Preparations are apace for a bhoomi pujan ceremony in Ayodhya.
The grand assertion is instructively slated for August 5, the day a year ago when Article 370 and Article 35A of the constitution were scrapped by the Modi government, and the autonomy-seeking Jammu and Kashmir state dwarfed to a humiliating Union territory.
This canny concatenation will not but suggest to the media as to which event must be foregrounded on that fateful day, and how. The ceremony in Ayodhya will no doubt showcase to the cadres the larger cultural point: it is the day when Hindutva will be seen to have triumphed over minority “appeasement” in Kashmir.
Wretchedly, however, there will remain a catch in the majoritarian claim.
News comes in an obscured dribble that the corpse of a Dalit woman was removed from the pyre under upper-caste social pressure, and, despite police intervention, taken away for cremation elsewhere
Reportedly, the circle officer incharge at Kakarpura village, twenty miles from Agra, admitted that it was “illegal” for a “lower caste” person to be denied cremation by the upper castes, but that the “caste system was too deep rooted,” and that eventually after six hours of altercation, a “balance” was found. And, don’t we know that in an unequal social order, balances mostly tilt in favour of the dominant groups.
Seventy years into our republican existence, this act of egregious desecration, the ejection of a corpse after being laid on the pyre and about to be cremated—reminiscent of a slave order—rather rubbishes the political-Hindutva assertion that an undifferentiated, cohesive culture inspires India’s national identity.
However alike might be the situation of black people in the United States of America and Dalits in India, there is little prospect that this episode in Agra may become India’s George Floyd moment. Neither India’s civil society movements nor her institutions have yet arrived at a point of revulsion against such blatant and de-humanising aspects of our national life.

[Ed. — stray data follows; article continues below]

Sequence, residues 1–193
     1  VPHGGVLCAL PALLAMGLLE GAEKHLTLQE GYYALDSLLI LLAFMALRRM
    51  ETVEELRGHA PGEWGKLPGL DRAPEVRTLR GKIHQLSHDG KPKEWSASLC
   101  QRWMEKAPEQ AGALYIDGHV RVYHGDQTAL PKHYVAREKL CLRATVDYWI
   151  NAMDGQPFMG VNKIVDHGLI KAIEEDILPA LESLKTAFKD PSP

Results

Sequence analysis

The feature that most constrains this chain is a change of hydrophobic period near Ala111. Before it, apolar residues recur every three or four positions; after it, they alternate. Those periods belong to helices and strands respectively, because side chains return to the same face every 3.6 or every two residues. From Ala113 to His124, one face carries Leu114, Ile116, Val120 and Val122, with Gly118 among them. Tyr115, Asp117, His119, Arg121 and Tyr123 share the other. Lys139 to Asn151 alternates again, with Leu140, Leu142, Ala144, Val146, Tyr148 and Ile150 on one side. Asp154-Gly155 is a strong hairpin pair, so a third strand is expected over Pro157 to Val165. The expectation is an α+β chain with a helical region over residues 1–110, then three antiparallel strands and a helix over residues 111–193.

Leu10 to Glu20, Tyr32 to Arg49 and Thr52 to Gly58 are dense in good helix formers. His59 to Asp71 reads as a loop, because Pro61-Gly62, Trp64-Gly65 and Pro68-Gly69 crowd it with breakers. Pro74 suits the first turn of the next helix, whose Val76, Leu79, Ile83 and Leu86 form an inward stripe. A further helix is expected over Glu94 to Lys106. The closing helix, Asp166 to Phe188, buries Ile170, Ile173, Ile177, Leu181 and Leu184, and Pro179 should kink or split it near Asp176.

Yet, the fact that such breaches in the dominant Hindutva narrative remain with us, dime a dozen, the constitution and the laws notwithstanding, cannot but deform that narrative in the egalitarian-democratic mind, suggesting that religious identities are no monolith, but conglomerations of the political-dominant and the spurned oppressed within the same denomination.
Clearly, the story that the soul of the spurned, dead Dalit woman will carry to heaven will not be flattering to the Hindutva propagation that the world is one family (Vasudeva kutumb kum), when in fact even Hindus are not one family.
The problem, of course, is that unlike the onset of the slave trade or Apartheid, India’s caste system does not issue from any government policy, but remains rooted in a cultural narrative indelibly inscribed in religious texts—a circumstance that no reform movement in India thus far has succeeded in combating with the sort of public verve now in evidence in America. Which is of course not to say, as the departed hero of the American civil rights movement, John Lewis, never failed to underline, that the current black-lives-matter movement there will see an end to systemic racism in America.
It is that Abolitionists in India face a task far more insidious than historical racism. That some historians of ancient India have argued that the Indian caste system also has a racial origin (Kosambi) continues to remain a deeply buried thesis, far removed from national consciousness. Although, for understandable historical reasons, that thesis has far greater traction in the southern states of India than in the Gangetic Brahminical heartland. One reason why the dark-skinned Ravana is worshipped in large parts of the republic below the Vindhyas.
August 5 may well betoken the triumph of upper-caste hegemony, but it will hardly be a day when universal human rights even among the Hindus may be celebrated.
India’s constitution will in all probability continue to struggle for the realisation of its founding egalitarian principles against a social order that conceives of India in sectarian terms, especially when even modernists elites remain unwilling to strive on behalf of those injunctions.
On August 5, Kashmiris and Dalits may well be of one mind—that Indian citizenship may well be legally universal, but remains in actuality a matter of dominant social choice, reflected more often than not in corresponding executive action.
Bhagwan Ram may well have partaken of Shabri’s lovingly tasted fruit, but the seeds of discrimination that he intended to eradicate thereby remain fertile and sturdy.
Surely, a new avatar is due.